The Kenyan Corrida: Another Kind of Bullfight

by Mariah Nene  |  Published August 29, 2023

Probably, you think you know bullfighting. That it’s a tradition that takes place in Spain. That it involves a matador, a red cape, and a bull being put to death while spectators watch on from the safety of distant stands. But that is only one version of the story. For there is another bullfighting, too, in Kenya, and it is nothing like the Spanish variety.

A champion bull on parade (Photo: meaduva via Flickr/ CC BY 2.0)

In East Africa, when people talk of bullfighting, they mean two bulls being pit against each other, closely surrounded by fans risking their lives to cheer on their champions. It hardly has rules, though each match carries immense cultural connotations. In Western Kenya around Kakamega county, bullfighting is a cultural sports venture that has existed since pre-colonial times.

I decided to attend one of the matches; to experience the exhilaration, pomp, and colour that accompanies them.

I have never seen a bullfight, and I am nervous about what to wear in case it aggravates the bulls. One thing’s for certain: I’m avoiding red. Eventually, I settle on black. I leave Nairobi at 11pm.

Within six hours, I have landed in Kakamega, and I head to the homestead of one of the organizers in Busulwa Village, the home of Messi, one of the two participating bulls, named of course after the legendary Argentinian footballer. Preparations are in high gear. Today’s match will be between Messi and a bull called Simba, Swahili for lion, who is from a village a little further from here. Fans are already blowing loud blaring horns, and villagers are playing Isukuti drums, native to the Luhya tribe who occupy Kakamega town and a huge chunk of Western Kenya.

There are other celebrations, too, and it’s a glorious occasion. However, I can’t help but notice that women have given the festivities a wide berth.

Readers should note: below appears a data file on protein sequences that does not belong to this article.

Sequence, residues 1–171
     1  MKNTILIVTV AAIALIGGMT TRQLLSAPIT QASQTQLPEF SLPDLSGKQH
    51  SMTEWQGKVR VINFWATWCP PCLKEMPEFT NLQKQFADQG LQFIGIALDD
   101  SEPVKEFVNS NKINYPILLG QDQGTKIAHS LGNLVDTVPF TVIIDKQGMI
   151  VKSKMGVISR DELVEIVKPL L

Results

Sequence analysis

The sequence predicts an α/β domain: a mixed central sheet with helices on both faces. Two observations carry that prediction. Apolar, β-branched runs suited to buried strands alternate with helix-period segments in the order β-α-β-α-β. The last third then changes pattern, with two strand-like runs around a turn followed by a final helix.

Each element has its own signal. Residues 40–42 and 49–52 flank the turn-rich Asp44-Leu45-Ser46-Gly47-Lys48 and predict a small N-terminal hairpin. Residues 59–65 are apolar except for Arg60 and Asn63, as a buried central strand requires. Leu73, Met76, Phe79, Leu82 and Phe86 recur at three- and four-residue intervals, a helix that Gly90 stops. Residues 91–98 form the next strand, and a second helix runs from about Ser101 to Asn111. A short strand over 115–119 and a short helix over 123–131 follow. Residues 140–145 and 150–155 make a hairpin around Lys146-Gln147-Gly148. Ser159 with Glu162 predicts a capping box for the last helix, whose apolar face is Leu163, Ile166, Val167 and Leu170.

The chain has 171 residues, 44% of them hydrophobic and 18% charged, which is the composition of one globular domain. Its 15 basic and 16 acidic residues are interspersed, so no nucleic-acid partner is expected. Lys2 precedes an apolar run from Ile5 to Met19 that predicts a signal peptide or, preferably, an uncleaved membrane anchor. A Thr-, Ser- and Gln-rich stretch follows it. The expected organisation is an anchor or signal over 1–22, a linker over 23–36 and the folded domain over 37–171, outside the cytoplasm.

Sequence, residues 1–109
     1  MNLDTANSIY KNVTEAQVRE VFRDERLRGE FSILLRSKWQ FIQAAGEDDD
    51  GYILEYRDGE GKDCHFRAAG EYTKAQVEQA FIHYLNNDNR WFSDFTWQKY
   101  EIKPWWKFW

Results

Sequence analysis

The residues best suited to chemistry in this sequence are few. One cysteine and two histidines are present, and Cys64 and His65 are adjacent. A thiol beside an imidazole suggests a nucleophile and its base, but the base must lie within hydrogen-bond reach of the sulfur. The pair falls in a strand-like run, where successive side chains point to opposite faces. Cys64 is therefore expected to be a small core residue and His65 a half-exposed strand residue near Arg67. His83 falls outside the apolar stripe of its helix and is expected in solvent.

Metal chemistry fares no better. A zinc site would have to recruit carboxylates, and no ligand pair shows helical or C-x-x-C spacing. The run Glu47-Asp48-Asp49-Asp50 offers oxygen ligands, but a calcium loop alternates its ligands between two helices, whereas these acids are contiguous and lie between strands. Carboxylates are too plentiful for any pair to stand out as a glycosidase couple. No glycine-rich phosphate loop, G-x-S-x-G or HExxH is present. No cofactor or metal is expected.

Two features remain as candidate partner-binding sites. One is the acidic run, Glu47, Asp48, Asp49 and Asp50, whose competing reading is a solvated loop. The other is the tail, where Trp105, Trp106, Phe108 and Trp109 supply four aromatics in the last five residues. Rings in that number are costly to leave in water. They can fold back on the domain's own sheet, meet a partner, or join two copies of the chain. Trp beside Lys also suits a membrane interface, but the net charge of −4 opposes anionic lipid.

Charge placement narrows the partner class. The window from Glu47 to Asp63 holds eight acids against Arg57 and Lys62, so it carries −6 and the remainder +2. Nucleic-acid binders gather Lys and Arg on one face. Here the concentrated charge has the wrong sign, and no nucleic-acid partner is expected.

“It is bad luck for the owners of the bulls to copulate with their wives a night before the match,” an elder called Mzee Matias informs me.

The singing and celebrations continue and Matias shouts over them to fill me in about the bulls’ diet.

“They are normally given a lot of Napier grass, water, maseke (millet residue from busaa brew), and bhang,” he says. I wonder aloud why they give the bulls bhang. “Marijuana makes the bull aggressive, and it also gives it some sense of bravado for the impending match,” Matias says smiling.

The animals are always well-fed, especially during the night that precedes the match, when the handlers and their owners also drink a lot themselves, favouring large quantities of chang’aa and busaa, the traditional alcoholic brews that are native to the entire Western region of Kenya.

“The drink makes them swift and light, this encourages them to escort the bull bravely,” Matias informs me.

Kids climb for the best view of the fight (Photo: meaduva via Flickr/ CC BY 2.0)

The match will take place at Bukhungu Stadium, where either of the bulls stands to win a Kshs25,000 stake (about $200). A pickup arrives to carry Messi and his fans to the stadium which is around five kilometers away from Busulwa. We board as the music continues to rent the air and fans sing praises to the bull and its owner. Just as we are about to reach Bukhungu, we all get off our pickup, and see Simba and his own supporters doing the same from theirs. Together we troop to the stadium as the singing and dancing continue. By the time we enter the stadium, Isikuti tunes and dancers from both sides of the match are cheering excitedly as they bay for the blood of each other.